The expectation regarding fans is that they will be able to attend outdoor games as long as they are wearing masks and social distancing. The plans for the season as well as the topic of fans are subject to change as the fall season becomes closer.

    To stay updated on fall athletics or get in contact with staff in the athletic department, visit athletics.umf.maine.edu. 

Students are Getting Active with Intramural Sports

Students are Getting Active with Intramural Sports

By Marissa Goodwin, Contributing Writer

The FRC by Sam Shirley

    As the spring semester is starting to gear up, students gather to safely play intramural sports with their friends to be active and take a break from the stress of classes. 

    Intramurals, which are tournaments of games organized by the students that are held at the Fitness and Recreation Center (FRC) on campus, are a great way to safely bring your friends together in a friendly competition. Jade Petrie, a junior, has participated in intramural basketball, pickleball, and kickball since her sophomore year. “It’s a fun way to get active while being with your friends,” said Petrie. 

    UMF has offered a variety of intramural sports such as basketball, volleyball, kickball, soccer, and pickleball. This year, the options are limited due to safety processions put in place for COVID-19. Petrie’s favorite part about intramurals is that she gets to be social and active simultaneously. “It’s a cool way to meet new people,” said Petrie. 

    Although intramurals are a little different because of COVID-19, students are still safely participating. “Students can stay involved while being active and social at the same time,” said Petrie.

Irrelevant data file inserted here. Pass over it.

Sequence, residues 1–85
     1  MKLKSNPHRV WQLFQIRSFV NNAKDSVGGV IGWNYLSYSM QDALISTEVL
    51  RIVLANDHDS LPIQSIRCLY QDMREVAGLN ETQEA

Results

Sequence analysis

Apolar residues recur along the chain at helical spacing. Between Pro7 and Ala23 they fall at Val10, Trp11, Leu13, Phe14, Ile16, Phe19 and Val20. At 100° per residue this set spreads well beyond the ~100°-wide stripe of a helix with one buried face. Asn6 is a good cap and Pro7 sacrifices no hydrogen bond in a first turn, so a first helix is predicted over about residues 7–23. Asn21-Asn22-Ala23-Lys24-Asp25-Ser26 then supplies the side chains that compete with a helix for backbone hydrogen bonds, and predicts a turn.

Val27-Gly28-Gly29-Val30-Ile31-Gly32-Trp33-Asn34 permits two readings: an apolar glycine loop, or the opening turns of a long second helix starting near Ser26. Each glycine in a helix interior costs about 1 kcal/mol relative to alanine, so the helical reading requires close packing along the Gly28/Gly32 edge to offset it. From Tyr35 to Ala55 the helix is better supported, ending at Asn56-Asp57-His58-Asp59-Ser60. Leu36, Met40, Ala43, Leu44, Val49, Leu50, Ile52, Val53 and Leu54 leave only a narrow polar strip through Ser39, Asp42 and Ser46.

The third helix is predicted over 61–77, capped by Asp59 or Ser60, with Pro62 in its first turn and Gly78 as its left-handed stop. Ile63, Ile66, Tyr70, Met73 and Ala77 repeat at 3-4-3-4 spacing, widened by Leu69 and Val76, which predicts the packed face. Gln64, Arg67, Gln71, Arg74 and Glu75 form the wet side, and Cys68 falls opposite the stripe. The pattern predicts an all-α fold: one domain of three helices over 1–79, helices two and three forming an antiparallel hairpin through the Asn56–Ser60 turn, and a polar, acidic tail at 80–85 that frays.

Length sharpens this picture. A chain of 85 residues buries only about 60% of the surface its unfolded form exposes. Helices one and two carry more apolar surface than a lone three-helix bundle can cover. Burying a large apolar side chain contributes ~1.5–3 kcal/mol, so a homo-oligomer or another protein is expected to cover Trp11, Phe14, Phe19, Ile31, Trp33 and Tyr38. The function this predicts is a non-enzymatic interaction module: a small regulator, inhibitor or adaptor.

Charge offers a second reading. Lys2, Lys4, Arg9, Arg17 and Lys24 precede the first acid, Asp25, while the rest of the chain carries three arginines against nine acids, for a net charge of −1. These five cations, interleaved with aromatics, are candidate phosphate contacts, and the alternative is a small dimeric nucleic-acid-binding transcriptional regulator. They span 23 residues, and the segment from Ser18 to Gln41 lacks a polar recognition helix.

Jared Smelter, a senior who has participated in intramurals since he was a junior, enjoys intramurals because he gets to have fun while playing sports with his friends. He agrees that intramurals have been different due to COVID-19 but says that he is happy UMF is still offering them. “We have less options for sports because we can’t have contact,” said Smelter, “but it is better than nothing and I am glad it is still being offered.”

    The advantage of playing intramural sports is that it’s a low-stakes way to keep busy and take a break from academics. “It’s offering sports without actually playing a school sport at UMF,” said Jonah Sautter, a junior who has been playing intramurals for three years and is a referee at UMF intramurals. 

    Intramurals are great for those who don’t want to make the commitment to varsity sports, but miss the supportive, competitive environment of sports. “It is perfect for high school athletes who maybe miss playing sports or just competitive people,” said Sautter.

    With all of the changes that are happening during the time of COVID-19, students are using intramurals as a way to get out and do something. “I think intramurals are helping students,” said Sautter. “It gives a sense of normalcy that is nice.”